I think that they look at us as pathetic and looking for attention. My DH and I have had our good times and bad times with this. His friends just think I'm a mental case. Your situation is even worse with your DH working away from you. Would your DH be open to marriage counseling?

    I do wish you better day's,
  4. vannafeelbettr

    vannafeelbettr New Member

    If you do get to talk to your husband, try not to attack him. Tell him, you understand he's been through a lot and all of this has not been easy for him as well. He may feel like a true jerk for having negative thoughts on the situation, but he is only human. Provide an environment where he will feel safe enough to open up to you. And you have to be willing to WANT to hear what he has to say, even if it is not pleasant.

    Bless you!!
  5. Janalynn

    Janalynn New Member

    Hi there-
    I wish it were possible to really know what was going on with your husband but without knowing him, I don't think that's possible.
    What's he's dealing with or what is going on with your relationship may or may not have anything to do with your illness.
    Communication is the key. You HAVE to communicate with each other or unforunately your relationship has little chance of succeeding. Would he consider counseling?
    I would sit down with him, tell him exactly how you feel in a very calm way and see if you can get him to open up about how he feels.

    Distance does not always make the heart grow fonder, so it may be even tougher for you two to have a strong relatioship - it takes work, effort on both parts, but as I said (and I know from experience)communicating is critical to your survival. Without it, you are left wondering what he is feeling (sometimes way off base), feelings are hurt, resentment builds.
    Please try to have a conversation with him. If you can't - that says a lot. Tell him your relationship depends on it.

    Feeling unloved by our partner is a terrible feeling. I hope that through some communication you can get some of those feelings resolved and you may find it's something simple that he's feeling.

    Sad to hear you're hurting so....
    please stay in touch with us here.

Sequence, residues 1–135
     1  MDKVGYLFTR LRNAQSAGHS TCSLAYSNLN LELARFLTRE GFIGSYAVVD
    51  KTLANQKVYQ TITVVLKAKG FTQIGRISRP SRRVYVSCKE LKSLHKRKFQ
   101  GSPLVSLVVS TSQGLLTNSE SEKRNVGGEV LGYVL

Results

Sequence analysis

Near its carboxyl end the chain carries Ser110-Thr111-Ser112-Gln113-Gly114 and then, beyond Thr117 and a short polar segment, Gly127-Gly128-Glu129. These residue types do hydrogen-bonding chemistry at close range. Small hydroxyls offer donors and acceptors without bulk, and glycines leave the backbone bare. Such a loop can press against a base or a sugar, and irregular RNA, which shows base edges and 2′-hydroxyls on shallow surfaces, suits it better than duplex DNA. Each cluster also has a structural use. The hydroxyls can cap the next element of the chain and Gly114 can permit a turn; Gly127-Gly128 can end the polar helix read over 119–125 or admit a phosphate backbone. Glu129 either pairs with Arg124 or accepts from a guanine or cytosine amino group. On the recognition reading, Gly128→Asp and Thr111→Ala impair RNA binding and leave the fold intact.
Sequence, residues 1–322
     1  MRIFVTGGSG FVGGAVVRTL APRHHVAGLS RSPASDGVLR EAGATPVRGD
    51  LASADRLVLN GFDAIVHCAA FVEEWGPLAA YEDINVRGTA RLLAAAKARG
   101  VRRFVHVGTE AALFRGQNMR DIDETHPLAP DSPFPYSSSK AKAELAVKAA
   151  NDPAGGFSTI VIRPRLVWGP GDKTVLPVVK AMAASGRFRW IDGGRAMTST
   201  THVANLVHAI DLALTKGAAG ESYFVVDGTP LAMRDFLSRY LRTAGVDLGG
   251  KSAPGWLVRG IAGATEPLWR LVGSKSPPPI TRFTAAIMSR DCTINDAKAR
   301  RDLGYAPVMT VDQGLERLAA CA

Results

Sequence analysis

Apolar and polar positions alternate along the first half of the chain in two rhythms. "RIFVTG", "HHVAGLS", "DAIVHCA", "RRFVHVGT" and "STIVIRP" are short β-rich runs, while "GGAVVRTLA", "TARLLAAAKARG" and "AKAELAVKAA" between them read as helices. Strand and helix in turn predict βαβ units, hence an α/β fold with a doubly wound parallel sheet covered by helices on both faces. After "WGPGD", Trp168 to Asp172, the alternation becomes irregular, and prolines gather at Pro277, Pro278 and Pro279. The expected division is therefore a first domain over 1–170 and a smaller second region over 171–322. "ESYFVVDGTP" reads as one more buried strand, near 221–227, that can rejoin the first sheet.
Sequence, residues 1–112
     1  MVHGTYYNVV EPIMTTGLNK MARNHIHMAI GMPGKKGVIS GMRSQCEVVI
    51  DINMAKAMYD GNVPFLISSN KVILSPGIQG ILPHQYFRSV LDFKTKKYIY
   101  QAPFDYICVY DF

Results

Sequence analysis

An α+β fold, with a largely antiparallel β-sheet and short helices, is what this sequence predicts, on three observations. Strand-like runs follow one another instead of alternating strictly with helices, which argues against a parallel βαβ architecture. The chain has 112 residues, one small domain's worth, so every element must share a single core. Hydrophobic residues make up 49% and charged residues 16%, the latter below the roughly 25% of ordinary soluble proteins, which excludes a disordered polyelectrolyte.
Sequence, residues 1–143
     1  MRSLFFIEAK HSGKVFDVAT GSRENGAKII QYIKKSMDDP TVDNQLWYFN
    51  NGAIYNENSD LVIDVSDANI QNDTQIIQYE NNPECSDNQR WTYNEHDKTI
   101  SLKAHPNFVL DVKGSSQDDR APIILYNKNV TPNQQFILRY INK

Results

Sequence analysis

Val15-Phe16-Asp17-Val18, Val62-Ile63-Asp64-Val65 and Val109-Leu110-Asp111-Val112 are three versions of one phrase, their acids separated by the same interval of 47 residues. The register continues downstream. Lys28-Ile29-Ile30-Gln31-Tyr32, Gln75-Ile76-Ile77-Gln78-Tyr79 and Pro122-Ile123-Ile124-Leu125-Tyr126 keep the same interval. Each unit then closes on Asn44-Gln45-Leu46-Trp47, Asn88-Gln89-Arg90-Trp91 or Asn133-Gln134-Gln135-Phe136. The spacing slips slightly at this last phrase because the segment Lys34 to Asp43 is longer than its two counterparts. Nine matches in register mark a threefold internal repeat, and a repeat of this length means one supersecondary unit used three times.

6. Juloo

    Juloo Member

    I'm afraid I don't have much advice for you, but want you to know that I feel for your situation. My father's job took him away from home for long periods of time (even to the UAE), and he was only home for short periods of relief between. I observed (even without the added stress of FM) that the shift of the structure in the household was very difficult for my parents during these visits. After all, my mother was the head-of-household for the vast majority of time, then he would show up, and their roles had to be adjusted.

    It was very hard on both of them -- I believe that my mother felt abandoned, and my father felt unappreciated. Just thinking aloud here, but perhaps when he is away, the two of you can gradually negotiate a plan for his two weeks home -- the first week back perhaps you could spend as a family (with you taking the first day or two to continue as head-of-household and give him an opportunity to re-adjust to family life, then him taking the initiative to be the point man again and give you a chance for heavy-duty rest for a couple of days), then you and your husband could take a weekend alone, then the last few days as a family again, preparing for another separation.

    I've not doubt that both of you are feeling a lot of stress over this, and perhaps it would be best to negotiate your expectations at a time away from the actual homecoming. Perhaps it would feel less threatening to your husband, and you would both know what to expect.
    [This Message was Edited on 09/13/2008]